Merits of the bipartisan immigration reform deal

It's a welcome sign that statecraft can rise above partisan politics.

Throughout the United States, but particularly in California and the states of the Southwest, millions of foreign workers pick the crops, build houses, cook and serve in fast-food restaurants, work as janitors, and serve as nannies for American children. Most of them come from countries below America's southern border, particularly Mexico. Many of them are in the US illegally.

From time to time, US immigration agents catch some and deport them. But it is an ineffectual process because there are too few agents and some 12 million immigrants, who have broken laws to work and live in the US, where they enjoy better lives than in their original homelands. Even if they could all be found and captured, shipping them home is clearly impractical. Some have been in the country for many years, producing children who are American citizens by virtue of being born on American soil. And there is the interest of their employers, who pay them less than American workers would require, and are loath to see them go. The agricultural industry in California, for example, would come to a standstill without these low-paid workers at harvest time.

It is a messy situation that previous federal and state agencies have been unwilling or unable to solve. Border control has been laughable, but the porousness of the border today when terrorists may be seeking to infiltrate across it is not funny.

The existence of large numbers of workers in the US who have circumvented immigration laws is a huge emotional problem with many voters, and therefore a huge political problem for legislators. That is why the current efforts of a bipartisan coalition of US senators should be lauded and supported. After much labor, they have produced a draft bill that addresses both the need to effectively control the US southern border and the need to legalize the presence of foreign workers, both present and future, on American soil. If the bill or a reasonably modified version of it becomes law, it will be a major achievement and the most dramatic revision of immigration laws in decades.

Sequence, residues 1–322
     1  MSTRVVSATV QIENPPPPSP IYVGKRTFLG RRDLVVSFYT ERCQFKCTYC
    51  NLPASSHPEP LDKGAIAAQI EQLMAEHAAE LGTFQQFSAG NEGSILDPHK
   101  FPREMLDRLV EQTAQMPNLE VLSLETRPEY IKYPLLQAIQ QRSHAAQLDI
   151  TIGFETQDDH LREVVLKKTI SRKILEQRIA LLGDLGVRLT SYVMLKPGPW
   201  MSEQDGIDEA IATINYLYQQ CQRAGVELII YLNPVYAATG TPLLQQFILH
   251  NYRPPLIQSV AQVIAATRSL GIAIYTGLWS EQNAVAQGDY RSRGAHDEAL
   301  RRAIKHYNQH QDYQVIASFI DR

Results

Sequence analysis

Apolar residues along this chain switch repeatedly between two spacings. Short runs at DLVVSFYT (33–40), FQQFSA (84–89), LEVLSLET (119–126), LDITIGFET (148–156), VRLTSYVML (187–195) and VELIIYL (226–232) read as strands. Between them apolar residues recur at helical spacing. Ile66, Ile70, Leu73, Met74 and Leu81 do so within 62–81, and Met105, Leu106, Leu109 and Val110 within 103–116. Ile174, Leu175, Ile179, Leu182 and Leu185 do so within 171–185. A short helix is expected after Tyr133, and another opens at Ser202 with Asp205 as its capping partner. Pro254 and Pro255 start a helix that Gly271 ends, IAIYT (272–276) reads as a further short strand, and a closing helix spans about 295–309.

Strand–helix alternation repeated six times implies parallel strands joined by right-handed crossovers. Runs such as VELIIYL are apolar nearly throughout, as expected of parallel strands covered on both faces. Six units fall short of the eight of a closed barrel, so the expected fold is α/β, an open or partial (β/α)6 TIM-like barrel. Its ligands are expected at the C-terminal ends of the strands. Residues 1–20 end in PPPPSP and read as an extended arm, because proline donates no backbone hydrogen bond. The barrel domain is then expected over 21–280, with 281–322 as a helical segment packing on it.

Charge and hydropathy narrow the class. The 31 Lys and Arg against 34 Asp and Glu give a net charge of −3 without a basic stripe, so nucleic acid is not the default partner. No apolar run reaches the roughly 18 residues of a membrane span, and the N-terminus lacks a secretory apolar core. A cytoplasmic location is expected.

The bill is being debated in the Senate, with debate in the House yet to come. President Bush, whose efforts to reform immigration laws were thwarted by the 9/11 attacks, is for it. Both the liberal New York Times and the conservative Wall Street Journal, rarely political bedfellows, see merit in it but want various aspects of it refined.

As presently drafted, the bill would first require tightening of the border. This would include some 370 miles of fencing, high-tech radar and camera towers, unmanned aerial spy vehicles, and an additional 18,000 border patrol agents. Employers of foreign workers would face strict new rules for identifying new and existing hires.

After these benchmarks had been achieved would come the new deal for workers. Between 400,000 and 600,000 "guest" workers a year could be given Y visas. These would be valid for two years at a time with a maximum of six years. But the Y visa holders would be required to go home for a year between each renewal.

Illegal workers already in the US could pay a $1,000 fine and qualify for a Z visa renewable every four years. Then they could apply for a green card, making them permanent residents of the US, but only after a backlog of several million existing green-card applicants had been taken care of – about an eight-year period. To pursue the path for citizenship, they would need to return to their original homelands, pay an additional fine of $4,000, and demonstrate proficiency in the English language. Conservative critics opposing this equate it with amnesty.

A further controversial aspect of the bill is that it would drastically change existing US immigration philosophy. Presently this favors admission for family members of citizens and legal residents already in the US. The new emphasis would instead favor a points system giving preference to new arrivals with special skills best qualified to advance the US economy.

The bill may require more tweaking but already contains some remarkable compromises among liberal senators such as Edward Kennedy, conservative senators on the other side of the aisle, and the White House. It is an example of how, on difficult issues, statecraft can sometimes rise above partisan politics. That is a development to be heartily praised. It should be emulated in tackling international problems such as the war in Iraq and domestic ones such as the looming fiscal crises on Social Security and Medicare.

John Hughes, a former editor of the Monitor, is a professor of communications at Brigham Young University.

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